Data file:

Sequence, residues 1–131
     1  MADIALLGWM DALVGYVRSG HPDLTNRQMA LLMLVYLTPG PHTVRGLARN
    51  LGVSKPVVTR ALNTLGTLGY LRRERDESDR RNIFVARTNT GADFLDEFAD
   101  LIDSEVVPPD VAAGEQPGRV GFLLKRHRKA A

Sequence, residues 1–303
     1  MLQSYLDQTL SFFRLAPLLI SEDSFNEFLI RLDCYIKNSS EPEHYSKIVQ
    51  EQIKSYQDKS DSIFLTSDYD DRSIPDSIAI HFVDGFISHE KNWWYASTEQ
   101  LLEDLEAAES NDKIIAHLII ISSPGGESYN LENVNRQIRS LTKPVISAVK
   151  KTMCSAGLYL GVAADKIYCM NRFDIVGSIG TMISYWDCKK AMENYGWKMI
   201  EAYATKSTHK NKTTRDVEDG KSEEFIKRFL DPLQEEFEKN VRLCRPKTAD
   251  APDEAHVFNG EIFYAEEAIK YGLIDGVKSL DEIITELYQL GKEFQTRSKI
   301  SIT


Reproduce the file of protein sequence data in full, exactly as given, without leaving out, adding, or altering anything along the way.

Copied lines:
Sequence, residues 1–131
     1  MADIALLGWM DALVGYVRSG HPDLTNRQMA LLMLVYLTPG PHTVRGLARN
    51  LGVSKPVVTR ALNTLGTLGY LRRERDESDR RNIFVARTNT GADFLDEFAD
   101  LIDSEVVPPD VAAGEQPGRV GFLLKRHRKA A

Sequence, residues 1–303
     1  MLQSYLDQTL SFFRLAPLLI SEDSFNEFLI RLDCYIKNSS EPEHYSKIVQ
    51  EQIKSYQDKS DSIFLTSDYD DRSIPDSIAI HFVDGFISHE KNWWYASTEQ
   101  LLEDLEAAES NDKIIAHLII ISSPGGESYN LENVNRQIRS LTKPVISAVK
   151  KTMCSAGLYL GVAADKIYCM NRFDIVGSIG TMISYWDCKK AMENYGWKMI
   201  EAYATKSTHK NKTTRDVEDG KSEEFIKRFL DPLQEEFEKN VRLCRPKTAD
   251  APDEAHVFNG EIFYAEEAIK YGLIDGVKSL DEIITELYQL GKEFQTRSKI
   301  SIT